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should you take a daily aspirin? And aspirin pill sits on a question mark

One of the many quirky features of modern medical science is the frequency with which the conventional wisdom it produces becomes, well, unconventional. It often seems like whenever some research gains a foothold among the overlords who dictate how medicine should be practiced, countervailing forces eventually arise to topple it from its lofty precipice.

The list is long, and the “wisdom” may be familiar. Remember, for instance, when eggs were thought to be too hard on the heart for regular consumption? You may also recall that, for a good half-century, postmenopausal women were sold hormone replacement therapy to prevent chronic disease. And when I blew out my knee a quarter-century ago, it was common knowledge that meniscal surgery was the only remedy for cartilage tears. Subsequent research overturned all these theories. In fact, one recent study found that about 13 percent of the clinical trial results researchers reviewed had been eventually debunked.

Among the more recent myths to lose credence upon further review is one of particular interest to the Medicare set: the belief that healthy seniors should take a low-dose aspirin to prevent a heart attack or stroke.

It’s a premise that was first introduced in the 1950s by an obscure general practitioner in Glendale, Calif., and gained traction throughout the 1990s with several studies suggesting a salutary relationship between regular aspirin usage and a healthy heart. It wasn’t until 2022 that the U.S. Preventive Services Task Force (USPSTF) challenged that notion.

Then, last year, a team of researchers led by Monash University neuroscientist Geoffrey Cloud, MB, released the results of a study involving more than 19,000 older adults without a history of cardiovascular trauma that found regular aspirin usage was much more likely to result in brain bleeding than in stroke prevention. As Emily Baumgaertner reports in the New York Times, the study suggests elderly people prone to falling should be especially wary of aspirin’s dangers.

The analysis, reviewing the conclusions of the landmark 2018 ASPREE study, reinforced the USPSTF’s change of heart and has generated some controversy — and a good deal of confusion — among physicians and their patients.

“We can be very emphatic that healthy people who are not on aspirin and do not have multiple risk factors should not be starting it now,” Randall Stafford, MD, PhD, a Stanford University epidemiologist who was not involved in the study, tells the Times.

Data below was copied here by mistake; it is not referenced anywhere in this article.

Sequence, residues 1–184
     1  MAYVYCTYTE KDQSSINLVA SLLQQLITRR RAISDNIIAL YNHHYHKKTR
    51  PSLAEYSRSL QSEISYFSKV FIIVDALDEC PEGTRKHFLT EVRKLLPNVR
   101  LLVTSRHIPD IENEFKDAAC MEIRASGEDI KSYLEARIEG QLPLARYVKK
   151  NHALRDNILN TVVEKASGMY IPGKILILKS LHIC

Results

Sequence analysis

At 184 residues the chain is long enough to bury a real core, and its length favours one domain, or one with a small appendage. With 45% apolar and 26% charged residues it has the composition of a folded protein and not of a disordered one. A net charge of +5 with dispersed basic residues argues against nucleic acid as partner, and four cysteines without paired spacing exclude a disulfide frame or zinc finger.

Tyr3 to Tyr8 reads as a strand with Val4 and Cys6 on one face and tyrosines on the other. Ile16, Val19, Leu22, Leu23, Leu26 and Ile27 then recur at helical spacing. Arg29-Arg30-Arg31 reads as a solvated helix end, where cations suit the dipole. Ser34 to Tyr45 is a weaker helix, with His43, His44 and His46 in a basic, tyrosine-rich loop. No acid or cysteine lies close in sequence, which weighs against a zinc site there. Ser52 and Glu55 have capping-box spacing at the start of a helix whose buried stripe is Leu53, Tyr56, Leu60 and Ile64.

The consensus, at least among these practitioners, was pretty clear: always consult with your doctor before making such a move.

But for those already taking aspirin, he adds, these results are less conclusive. “The longer you’ve been on aspirin and the more risk factors you have for heart attacks and strokes, the murkier it gets.”

That murkiness was highlighted in a University of Michigan poll released earlier this month. Pollsters surveyed nearly 3,000 people between the ages of 50 and 80 shortly after the results of Cloud’s study were published and found that more than half of the respondents who were taking aspirin at the time didn’t have a history of cardiovascular disease. And about a third of that group said they were not aware of the risks of brain bleeding.

“Aspirin is no longer a one-size-fits-all preventive tool for older adults, which for decades it was touted as,” says Jordan Schaefer, MD, a hematologist at Michigan Medicine. “This poll shows we have a long way to go to make sure aspirin use is consistent with current knowledge.”

Baumgaertner’s own survey of cardiologists suggests that current knowledge is itself open to some interpretation. She heard stories of stroke victims who stopped taking aspirin after reading about Cloud’s study and wound up in the ER with another stroke. The consensus, at least among these practitioners, was pretty clear: always consult with your doctor before making such a move.

“When a study comes out, you have to ask yourself, How well do I fit into this study’s population?” says Shlee Song, MD, director of the Comprehensive Stroke and Telestroke Programs at Cedars-Sinai Hospital in Los Angeles. “If you’ve ever had a heart attack or stroke event, this study’s findings do not apply to you.”

This may temporarily disappoint the aspirin-averse among my contemporaries, but don’t despair. It probably won’t be long before another study surfaces offering more amenable conclusions.

Craig Cox
Craig Cox

Craig Cox is an Experience Life deputy editor who explores the joys and challenges of healthy aging.

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